Pumpkin spices really give you warm fuzzies – here’s the science of why

0
9
Pumpkin spices really give you warm fuzzies - here’s the science of why

If you’re suddenly craving pumpkin spice lattes or pumpkin bread now that it’s officially fall, it’s not just your stomach talking. Catching a whiff of a pumpkin spice-flavored food or drink can trigger emotions and memories that go deeper than a hunger pang.

The part of your brain that processes smell is closely tied to the part of your brain responsible for memories, according to Jason Fischer and Sarah Cormiea of the Dynamic Perception Lab at Johns Hopkins University in Baltimore, Maryland.

The popularity of pumpkin spice comes from both the scent of the spices — the familiar cinnamon, ginger and nutmeg that are commonly used in many fall desserts and drinks — and our previous experiences smelling, tasting and even just being aware of the aroma.

This close connection accounts for the fact that smells such as musty books can take you back to long study sessions at the library or campfires can remind you of nights at summer sleepaway camp.

Story Highlights

  • By Casey Barber | CNN

  • Combined with savvy marketing, it’s no wonder the phrase “pumpkin spice” has become synonymous with the onset of fall.

“Your brain fills in the gaps between the scent of the spices and the memories associated with the smell,” Cormiea, a doctoral candidate in the department of psychological and brain sciences, said.

The brain is constantly processing and evaluating many pieces of information to help us build our individual reality, she explained.

It takes in everything we’re seeing, hearing, smelling, touching and tasting, and it combines those sensory inputs with what we already know and believe about our environment. “Our experience of the world is a construction — our mind is constantly filling in lots of details,” Fischer, assistant professor in the department of psychological and brain sciences, said.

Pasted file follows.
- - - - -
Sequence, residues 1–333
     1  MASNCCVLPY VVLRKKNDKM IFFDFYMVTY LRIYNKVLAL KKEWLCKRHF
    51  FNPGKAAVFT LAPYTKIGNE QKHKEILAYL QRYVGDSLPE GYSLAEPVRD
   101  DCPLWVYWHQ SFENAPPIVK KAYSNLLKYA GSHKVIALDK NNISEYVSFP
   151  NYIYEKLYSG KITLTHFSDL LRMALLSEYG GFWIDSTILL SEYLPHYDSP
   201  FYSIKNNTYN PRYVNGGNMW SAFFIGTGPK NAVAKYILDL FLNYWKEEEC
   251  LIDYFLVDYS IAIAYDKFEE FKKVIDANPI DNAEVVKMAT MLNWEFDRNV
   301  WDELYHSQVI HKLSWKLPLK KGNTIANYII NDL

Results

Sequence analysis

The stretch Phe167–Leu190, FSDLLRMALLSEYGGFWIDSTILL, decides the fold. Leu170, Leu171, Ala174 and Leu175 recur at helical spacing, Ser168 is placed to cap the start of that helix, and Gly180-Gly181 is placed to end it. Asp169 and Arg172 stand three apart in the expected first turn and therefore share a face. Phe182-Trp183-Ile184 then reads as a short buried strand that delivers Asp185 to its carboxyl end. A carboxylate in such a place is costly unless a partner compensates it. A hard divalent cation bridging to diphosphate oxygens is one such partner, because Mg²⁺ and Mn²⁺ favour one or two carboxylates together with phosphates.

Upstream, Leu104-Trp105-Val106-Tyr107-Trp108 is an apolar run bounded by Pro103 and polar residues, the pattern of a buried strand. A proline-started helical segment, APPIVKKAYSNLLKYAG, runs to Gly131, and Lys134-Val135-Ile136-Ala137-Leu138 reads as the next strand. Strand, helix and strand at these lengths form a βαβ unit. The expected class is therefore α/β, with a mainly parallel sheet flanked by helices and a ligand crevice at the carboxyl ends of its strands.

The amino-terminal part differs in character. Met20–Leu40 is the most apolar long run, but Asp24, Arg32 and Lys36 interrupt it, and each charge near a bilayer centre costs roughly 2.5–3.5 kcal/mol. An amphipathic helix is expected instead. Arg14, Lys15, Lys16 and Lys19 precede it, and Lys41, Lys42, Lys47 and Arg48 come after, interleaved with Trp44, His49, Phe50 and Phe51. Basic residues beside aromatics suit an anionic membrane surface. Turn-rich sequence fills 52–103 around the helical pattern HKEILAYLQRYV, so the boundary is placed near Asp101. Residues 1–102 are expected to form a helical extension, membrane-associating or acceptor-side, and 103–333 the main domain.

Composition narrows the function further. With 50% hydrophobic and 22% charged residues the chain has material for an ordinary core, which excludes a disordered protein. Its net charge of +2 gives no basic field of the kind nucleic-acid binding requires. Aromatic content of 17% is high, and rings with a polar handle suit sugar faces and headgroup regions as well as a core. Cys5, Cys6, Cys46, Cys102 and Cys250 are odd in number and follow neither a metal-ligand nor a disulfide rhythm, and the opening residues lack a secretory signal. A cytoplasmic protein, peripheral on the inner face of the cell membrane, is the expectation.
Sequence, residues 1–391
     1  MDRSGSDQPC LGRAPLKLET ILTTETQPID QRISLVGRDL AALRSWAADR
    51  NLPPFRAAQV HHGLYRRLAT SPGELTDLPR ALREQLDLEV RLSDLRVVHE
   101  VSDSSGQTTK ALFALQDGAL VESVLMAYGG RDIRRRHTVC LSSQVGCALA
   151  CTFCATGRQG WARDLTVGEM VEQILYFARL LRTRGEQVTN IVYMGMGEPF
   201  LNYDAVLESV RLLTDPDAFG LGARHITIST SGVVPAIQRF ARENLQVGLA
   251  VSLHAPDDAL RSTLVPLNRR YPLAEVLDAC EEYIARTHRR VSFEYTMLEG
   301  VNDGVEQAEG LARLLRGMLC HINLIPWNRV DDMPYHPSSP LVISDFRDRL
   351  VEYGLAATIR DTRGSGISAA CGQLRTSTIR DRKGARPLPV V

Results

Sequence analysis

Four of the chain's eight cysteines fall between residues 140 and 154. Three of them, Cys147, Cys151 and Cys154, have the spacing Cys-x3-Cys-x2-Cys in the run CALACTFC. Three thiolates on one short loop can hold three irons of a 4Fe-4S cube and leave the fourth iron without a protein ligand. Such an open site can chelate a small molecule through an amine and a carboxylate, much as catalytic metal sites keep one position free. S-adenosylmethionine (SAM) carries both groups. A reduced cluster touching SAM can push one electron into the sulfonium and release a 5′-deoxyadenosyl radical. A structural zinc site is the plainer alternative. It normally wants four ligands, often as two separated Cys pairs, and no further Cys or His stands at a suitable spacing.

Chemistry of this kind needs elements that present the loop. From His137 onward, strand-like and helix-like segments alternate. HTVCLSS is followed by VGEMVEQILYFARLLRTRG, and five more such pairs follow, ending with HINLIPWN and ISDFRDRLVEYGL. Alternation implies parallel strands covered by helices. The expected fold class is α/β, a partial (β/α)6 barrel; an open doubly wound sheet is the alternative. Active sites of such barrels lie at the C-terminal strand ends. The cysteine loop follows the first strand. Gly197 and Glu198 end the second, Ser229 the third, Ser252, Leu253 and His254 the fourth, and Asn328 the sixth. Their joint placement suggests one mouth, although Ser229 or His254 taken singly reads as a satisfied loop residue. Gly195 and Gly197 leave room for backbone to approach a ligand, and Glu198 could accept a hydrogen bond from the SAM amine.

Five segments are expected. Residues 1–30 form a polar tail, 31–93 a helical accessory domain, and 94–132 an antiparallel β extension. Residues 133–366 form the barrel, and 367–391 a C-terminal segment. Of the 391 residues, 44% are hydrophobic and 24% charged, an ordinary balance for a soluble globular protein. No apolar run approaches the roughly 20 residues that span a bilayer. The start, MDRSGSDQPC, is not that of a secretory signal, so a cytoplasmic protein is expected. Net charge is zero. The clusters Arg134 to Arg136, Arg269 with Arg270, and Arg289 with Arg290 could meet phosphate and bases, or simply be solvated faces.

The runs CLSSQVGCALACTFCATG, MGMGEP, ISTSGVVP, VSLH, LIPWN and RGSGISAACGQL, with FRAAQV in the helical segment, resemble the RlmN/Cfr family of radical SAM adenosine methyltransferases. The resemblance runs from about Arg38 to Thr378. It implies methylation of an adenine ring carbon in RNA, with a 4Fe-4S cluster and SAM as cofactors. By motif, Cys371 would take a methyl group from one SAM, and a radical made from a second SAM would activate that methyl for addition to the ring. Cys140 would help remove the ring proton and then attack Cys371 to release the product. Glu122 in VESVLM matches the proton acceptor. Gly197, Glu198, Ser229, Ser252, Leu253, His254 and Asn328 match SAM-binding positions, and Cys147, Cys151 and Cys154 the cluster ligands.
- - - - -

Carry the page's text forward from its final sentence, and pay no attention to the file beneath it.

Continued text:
It’s not actually a pumpkin smell What you’re smelling isn’t the scent of pumpkin itself, because pumpkin and other members of the squash family don’t smell like baking spices on their own. It’s not even a blend of spices specific to pumpkin pie or lattes but to several foods and drinks that have their own autumnal associations, such as apple crisp or mulled cider.

But the label “pumpkin spice” has become a powerful marketing tool — so much so that simply reading the words activates the part of the brain that processes smell, according to Cormiea. “Your brain automatically makes the connection between words and scent memory,” she said.

In their lab, Fischer and Cormiea have been able to adjust perception of various smells and tastes based on what name they’ve attached to the scent. “People are pretty bad at verbally identifying smells,” Cormiea said. Unlike the close connection with the memory center, the parts of the brain that process odor information are not well connected to the parts that process language, she explained.

“If you have enough overlap between two scents, your brain can do the job of rounding up,” Cormiea said. “At certain stages of neural processing, the pattern will be the same.” The brain will file similar scents into the same category, research has shown. So even if what you’re smelling isn’t specifically pumpkin spice-related — if, say, you’re walking past some fresh apple cider doughnuts at the market — the emotional reaction can be just as strong.